Another example of the Google "Sandboxing" Effect

Nothing I did could bust this site out of the sandbox, then one day - POP!
Nothing I did could bust this site out of the sandbox, then one day - POP!

In a previous blog post I discussed how Google throttles the number of times your site is shown in search results relative to how reputable and "desirable" your site is to prospective visitors. Today I ran across another good example of this effect, sometimes referred in more drastic cases as the "Google Sandbox" effect.

As a practice, I tend to keep a lot of half-baked websites laying around. Sometimes I just don't get time to work on them. Other times I'm doing the easy half first and getting enough content and structure on the site to let Google start chewing on my keywords. I will usually throw skeleton sites out onto the web en masse just to see which sites get more action, so that I know which one to prioritize over the others in the coming months. One site in particular had been left half-baked and un-protected for far too long, and was getting pummeled by spam bots for a long time. It was so full of prostitution ads from India and Thailand that my database filled up to capacity and my ISP had blocked it for TOS (Terms-of-Service) violations. By the time I blew it away and began working on it again I suspect that the domain had been shunned on every blacklist possible.

Once I restarted development I did the same thing I do for every site - implement an SEO strategy, organize the content, populate the site with juicy stories... But month after month it seemed that nothing I could do would make any of my keywords appear in the top ten listings, EVER! In fact, EVERY keyword I had was showing up no higher then the TENTH OR TWENTIETH PAGE of search results! I had never seen such bad SEO performance on a site. So I de-prioritized the site and let it site out there, fully seeded with content, and waited. Nothing. Week after week I saw absolutely nothing in terms of performance. Sure, my keyword list was getting longer, but still none of them would appear in anything less than three-digit positions.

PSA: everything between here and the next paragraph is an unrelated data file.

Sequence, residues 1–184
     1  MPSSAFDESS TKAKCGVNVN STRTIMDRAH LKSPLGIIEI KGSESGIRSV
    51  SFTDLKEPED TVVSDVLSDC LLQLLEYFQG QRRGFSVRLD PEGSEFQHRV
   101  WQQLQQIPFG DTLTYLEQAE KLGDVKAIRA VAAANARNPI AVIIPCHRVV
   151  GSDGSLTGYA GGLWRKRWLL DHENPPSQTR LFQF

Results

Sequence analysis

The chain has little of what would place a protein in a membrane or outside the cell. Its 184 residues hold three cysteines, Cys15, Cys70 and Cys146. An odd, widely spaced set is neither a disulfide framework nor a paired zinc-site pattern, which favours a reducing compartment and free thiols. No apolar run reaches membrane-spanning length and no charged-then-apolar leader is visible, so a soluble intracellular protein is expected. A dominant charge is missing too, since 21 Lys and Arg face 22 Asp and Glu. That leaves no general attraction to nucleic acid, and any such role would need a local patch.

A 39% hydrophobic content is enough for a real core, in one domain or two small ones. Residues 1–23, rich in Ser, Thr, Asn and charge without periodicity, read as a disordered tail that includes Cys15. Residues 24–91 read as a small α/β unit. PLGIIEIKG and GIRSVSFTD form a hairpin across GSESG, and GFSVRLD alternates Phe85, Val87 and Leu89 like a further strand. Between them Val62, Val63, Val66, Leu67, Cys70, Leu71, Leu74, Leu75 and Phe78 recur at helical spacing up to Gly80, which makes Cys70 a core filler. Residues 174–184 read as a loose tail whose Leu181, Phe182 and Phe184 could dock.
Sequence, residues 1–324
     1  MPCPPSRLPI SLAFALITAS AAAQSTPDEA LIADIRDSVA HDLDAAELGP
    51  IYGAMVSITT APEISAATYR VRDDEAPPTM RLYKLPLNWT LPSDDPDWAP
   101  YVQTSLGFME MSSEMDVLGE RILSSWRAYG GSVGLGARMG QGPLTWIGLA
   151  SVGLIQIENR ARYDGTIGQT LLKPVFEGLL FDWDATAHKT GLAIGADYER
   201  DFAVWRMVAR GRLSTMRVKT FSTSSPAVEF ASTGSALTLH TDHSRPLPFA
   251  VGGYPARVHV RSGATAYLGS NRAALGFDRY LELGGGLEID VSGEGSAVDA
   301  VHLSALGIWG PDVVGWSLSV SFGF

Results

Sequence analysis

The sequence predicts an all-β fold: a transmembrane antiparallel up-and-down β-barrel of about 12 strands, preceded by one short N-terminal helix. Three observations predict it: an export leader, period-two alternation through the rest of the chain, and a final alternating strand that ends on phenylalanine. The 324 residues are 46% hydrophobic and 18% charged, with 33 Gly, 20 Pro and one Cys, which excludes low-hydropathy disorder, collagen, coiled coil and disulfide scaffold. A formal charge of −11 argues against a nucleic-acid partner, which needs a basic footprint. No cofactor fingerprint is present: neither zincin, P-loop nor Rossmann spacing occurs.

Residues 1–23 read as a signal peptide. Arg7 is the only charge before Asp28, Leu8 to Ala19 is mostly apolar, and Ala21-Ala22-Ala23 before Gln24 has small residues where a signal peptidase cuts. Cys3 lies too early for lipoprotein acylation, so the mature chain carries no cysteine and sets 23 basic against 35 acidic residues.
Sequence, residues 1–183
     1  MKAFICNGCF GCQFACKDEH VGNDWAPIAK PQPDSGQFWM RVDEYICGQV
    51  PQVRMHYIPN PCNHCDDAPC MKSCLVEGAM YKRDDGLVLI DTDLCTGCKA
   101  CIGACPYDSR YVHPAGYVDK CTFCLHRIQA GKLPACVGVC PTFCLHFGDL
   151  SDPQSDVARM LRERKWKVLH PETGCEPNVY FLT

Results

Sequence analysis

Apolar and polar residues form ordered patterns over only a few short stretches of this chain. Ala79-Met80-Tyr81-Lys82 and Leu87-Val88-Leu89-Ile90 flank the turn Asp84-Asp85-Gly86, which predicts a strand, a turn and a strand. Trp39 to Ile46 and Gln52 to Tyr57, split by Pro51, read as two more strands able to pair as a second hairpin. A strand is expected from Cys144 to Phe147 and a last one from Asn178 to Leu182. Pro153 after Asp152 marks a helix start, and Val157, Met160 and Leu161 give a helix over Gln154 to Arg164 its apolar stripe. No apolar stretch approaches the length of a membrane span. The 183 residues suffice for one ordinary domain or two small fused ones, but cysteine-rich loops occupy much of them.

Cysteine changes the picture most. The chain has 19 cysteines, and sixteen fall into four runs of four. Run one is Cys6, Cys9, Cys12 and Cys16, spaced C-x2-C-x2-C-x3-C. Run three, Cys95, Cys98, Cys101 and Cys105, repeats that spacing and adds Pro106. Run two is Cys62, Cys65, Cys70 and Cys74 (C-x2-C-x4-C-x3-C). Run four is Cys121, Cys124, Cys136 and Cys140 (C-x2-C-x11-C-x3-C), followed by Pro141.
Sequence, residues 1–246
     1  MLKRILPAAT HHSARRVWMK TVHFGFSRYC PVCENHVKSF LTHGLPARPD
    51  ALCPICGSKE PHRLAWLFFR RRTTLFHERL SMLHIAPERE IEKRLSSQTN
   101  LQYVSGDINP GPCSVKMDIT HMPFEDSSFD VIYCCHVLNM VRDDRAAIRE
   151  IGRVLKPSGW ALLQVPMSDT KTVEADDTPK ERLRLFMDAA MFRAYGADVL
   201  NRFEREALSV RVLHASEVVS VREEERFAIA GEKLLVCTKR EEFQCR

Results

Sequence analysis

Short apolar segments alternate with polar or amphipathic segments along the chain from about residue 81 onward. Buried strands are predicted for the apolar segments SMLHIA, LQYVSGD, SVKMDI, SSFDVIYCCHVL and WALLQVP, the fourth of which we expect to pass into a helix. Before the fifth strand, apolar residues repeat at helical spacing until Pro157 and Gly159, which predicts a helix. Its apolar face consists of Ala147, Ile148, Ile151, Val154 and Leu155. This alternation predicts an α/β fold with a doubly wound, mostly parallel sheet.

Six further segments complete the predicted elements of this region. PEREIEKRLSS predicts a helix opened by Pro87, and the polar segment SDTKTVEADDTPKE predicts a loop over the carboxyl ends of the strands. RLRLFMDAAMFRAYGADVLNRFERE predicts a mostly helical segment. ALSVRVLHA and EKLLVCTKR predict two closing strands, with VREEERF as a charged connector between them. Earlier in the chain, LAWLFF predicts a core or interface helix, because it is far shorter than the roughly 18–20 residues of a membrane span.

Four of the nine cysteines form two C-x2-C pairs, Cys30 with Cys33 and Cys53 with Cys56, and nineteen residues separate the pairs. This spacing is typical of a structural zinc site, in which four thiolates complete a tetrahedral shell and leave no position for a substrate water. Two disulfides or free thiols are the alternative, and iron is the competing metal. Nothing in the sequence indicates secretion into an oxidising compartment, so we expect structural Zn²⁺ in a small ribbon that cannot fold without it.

But one day, about six weeks after the last change I had made to any content - BANG! The site lit up. In fact, it shot like a rocket to the top of the listings - but for only a couple of key phrases. Day after day I would see one or two new phrases ignite, while the rest languished in the triple-digits. But from that point on, the pattern with which new phrases popped into the single-digit positions, and the number of impressions or clicks I would see for each, began to resemble that which I'd expect for a new site at a new domain. It was as if some gate had been lifted and finally the horses were able to run around the grounds just a few minutes per day.

Given that this site had started from such a miserable state and was most probably under sever lockdown by the search providers (and rightfully so) I was wondering if I would see it gradually claw its way out of the basement... But I did not expect it to rocket up to the thousands-of-impressions level virtually overnight! It had been fluctuating in the 10's of impressions per day for six months. One day it suddenly jumped to 300, then to 400, and on the third day of the breakout it was at 900 impressions! The content and keywords are competitive and in demand, so I feel such performance is easily justifiable. But to see it jump as if the dam broke is really something else. I feel very strongly that this site had been in the "penalty box" and was pinned down by Google, and one day they simply took the straight jacket off. Pardon all these metaphors, but hopefully they did the trick in expressing what I feel the Google Sandbox Effect feels like to site administrators sitting in the time-out zone for bad behavior!

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